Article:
London Sinfonietta Travels: Bergen

At the end of May a band of London Sinfonietta musicians headed to Norway to take part in the Bergen International Festival. They performed Clapping Music, Electric Counterpoint, 2 x 5, Radio Rewrite and Double Sextet with Steve Reich – a repeat of the concert we did at the Royal Festival Hall in March 2013.

Our clarinetist was Scott Lygate – a London Sinfonietta Emerging Artist – and he penned a diary to let us in on how the tour went.

Scott Lygate

Wednesday 28 May

Having left the cloudy skies of London behind, I was stunned by the beauty of the landscape descending into Bergen Airport, and was excited about exploring Medieval Bryggen, an area packed with old merchant houses from the Hanseatic Period and a Unesco World Heritage Site since 1979.

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Having kept religiously to my vegan diet for months, I was won over when I heard about Bergen’s famous local fish and thought I’d let myself ‘off the hook’ and indulge in some monkfish that evening. We ate in a charming restaurant carefully chosen by John Constable (the London Sinfonietta’s Principal Pianist) displaying numerous old model ships, in the Bryggen area by the waterfront.

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John is known for finding the best places to eat on tour, and usually a flock of people follow him confident of a fantastic meal. It was indeed delicious, as was the price – of which I had been forewarned by a Norwegian friend! I learned that you simply move the decimal point one place to the left so the kr 300 price tag for my dish was equal to £30. Rebecca Larson, who speaks the language being half Norwegian, helpfully translated the menu for me. We were also joined by Mary Miller, a wonderful Scottish lady who started out playing the fiddle in the Scottish Chamber Orchestra, and now, via various high profile positions as a music critic, and in arts management and artistic leadership, is General and Artistic Director of Bergen National Opera. We learned about the Bergen International Festival, and soon realised that it was a major hub for new music drawing top soloists, conductors, ensembles and composers from around the globe. At the Festival bar that night there was a buzzing atmosphere as we met other artists, and got ready for our show with Steve Reich the next evening.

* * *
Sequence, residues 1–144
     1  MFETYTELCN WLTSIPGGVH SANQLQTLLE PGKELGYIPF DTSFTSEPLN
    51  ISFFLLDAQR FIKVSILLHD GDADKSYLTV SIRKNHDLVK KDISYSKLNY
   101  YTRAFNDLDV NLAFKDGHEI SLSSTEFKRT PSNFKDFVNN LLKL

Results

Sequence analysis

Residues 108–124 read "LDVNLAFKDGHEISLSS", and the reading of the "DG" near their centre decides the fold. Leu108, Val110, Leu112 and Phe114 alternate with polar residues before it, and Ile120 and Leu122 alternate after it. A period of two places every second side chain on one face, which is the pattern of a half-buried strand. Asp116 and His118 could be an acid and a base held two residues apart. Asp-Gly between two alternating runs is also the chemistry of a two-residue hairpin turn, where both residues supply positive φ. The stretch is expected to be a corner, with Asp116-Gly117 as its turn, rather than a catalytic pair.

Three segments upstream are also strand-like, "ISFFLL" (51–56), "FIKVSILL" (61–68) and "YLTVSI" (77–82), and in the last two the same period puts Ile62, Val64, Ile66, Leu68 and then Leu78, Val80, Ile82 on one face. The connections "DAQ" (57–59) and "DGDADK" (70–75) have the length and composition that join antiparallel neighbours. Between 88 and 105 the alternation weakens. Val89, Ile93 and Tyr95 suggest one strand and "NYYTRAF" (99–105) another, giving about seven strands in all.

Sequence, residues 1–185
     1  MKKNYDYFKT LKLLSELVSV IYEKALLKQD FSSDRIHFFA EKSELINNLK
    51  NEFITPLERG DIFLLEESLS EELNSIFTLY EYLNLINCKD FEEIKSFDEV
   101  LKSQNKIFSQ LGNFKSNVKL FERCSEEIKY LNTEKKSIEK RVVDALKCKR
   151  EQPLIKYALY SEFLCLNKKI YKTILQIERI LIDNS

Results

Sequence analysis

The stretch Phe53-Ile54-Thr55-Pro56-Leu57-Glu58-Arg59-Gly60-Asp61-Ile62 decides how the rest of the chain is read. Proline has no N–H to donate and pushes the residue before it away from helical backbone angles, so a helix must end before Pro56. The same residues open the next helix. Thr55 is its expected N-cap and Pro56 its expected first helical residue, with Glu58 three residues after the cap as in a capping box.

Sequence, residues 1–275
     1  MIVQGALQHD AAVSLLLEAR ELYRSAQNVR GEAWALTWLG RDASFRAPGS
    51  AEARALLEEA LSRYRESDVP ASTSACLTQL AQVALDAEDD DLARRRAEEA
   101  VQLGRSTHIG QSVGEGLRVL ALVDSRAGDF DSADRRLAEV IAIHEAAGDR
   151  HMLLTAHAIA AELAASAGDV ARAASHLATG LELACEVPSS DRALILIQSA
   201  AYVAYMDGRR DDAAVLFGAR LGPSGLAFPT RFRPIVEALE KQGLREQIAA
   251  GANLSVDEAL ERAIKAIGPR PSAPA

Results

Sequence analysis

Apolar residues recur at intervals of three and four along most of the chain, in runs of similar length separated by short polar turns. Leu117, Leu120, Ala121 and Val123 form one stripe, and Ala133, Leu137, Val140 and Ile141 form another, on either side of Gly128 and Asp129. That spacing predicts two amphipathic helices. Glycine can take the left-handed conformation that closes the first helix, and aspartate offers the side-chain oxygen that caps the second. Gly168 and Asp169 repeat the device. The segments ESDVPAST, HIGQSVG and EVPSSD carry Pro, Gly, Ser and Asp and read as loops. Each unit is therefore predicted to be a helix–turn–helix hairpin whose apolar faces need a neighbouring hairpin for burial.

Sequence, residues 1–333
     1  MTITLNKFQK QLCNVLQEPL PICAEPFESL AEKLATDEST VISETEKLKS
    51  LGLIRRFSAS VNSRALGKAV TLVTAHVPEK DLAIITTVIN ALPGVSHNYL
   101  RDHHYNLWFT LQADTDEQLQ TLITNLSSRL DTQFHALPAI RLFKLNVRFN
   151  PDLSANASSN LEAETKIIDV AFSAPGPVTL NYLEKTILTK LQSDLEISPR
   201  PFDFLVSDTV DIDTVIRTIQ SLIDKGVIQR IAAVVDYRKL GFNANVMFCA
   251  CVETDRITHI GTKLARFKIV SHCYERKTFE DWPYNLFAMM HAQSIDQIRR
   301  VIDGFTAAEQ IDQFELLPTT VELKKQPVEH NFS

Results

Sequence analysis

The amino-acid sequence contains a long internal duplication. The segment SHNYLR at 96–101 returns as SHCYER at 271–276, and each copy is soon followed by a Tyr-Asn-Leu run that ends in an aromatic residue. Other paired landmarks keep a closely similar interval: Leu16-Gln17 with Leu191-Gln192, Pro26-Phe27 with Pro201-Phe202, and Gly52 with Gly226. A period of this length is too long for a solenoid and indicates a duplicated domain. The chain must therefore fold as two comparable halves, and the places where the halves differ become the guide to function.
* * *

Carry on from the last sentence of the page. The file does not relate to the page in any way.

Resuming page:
Thursday 29 May

Having had so much energy from my fish the previous night, it took me ages to get to sleep but I awoke with the sun blazing and a clear blue sky – perfect weather for a trip to Floyen, at the top of a hill via the Flobanen Funicular Railway. The only problem was, I hadn’t brought my sunglasses with me so was ill prepared for the bright sky that waited us. It was a holiday in Bergen so all the main shops were shut, but as we walked toward the railway, we passed a market.

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At first I thought I’d have to make do with a cap as I couldn’t see any sunglasses. I really didn’t want this option because the caps all read ‘I love Norway’, and people might have thought I was copying Steve Reich! Also I’ve never suited caps. I eventually spotted a stall full of sunglasses and as we were in a rush to get going, I simply asked the salesman for something my size that might suit me. He quickly found an apparently appropriate pair and I handed over the kr 98. Having briefly tried them on, I then attempted to pull off the tag. The cardboard bit came off no problem, but there seemed to be a metal hoop which didn’t want to budge. Strange thing about it was, it was actually through the right lens. I knew something couldn’t be right so I took them back and explained that I couldn’t get the tag off. I was then told something that was to be a laughing point for London Sinfonietta throughout the rest of the trip. The salesman told me that this metal bit was not a tag, but in fact an EYEBROW PIERCING! ATTACHED TO THE SUN GLASSES!

Once at the top of the funicular railway we enjoyed the spectacular views and a walk around the forest area, passing this odd sign!

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IMG_6435Scott and Principal Percussionist David Hockings

The sold out concert that evening was a massive success, with the entire audience rising to a standing ovation, followed by a fitting reception with a speech from the Festival Director Anders Beyer, in which he thanked the London Sinfonietta for being an inspiration to him, ‘as a guiding light in contemporary music for 40 years’. Well done to all for a very successful and rewarding tour.

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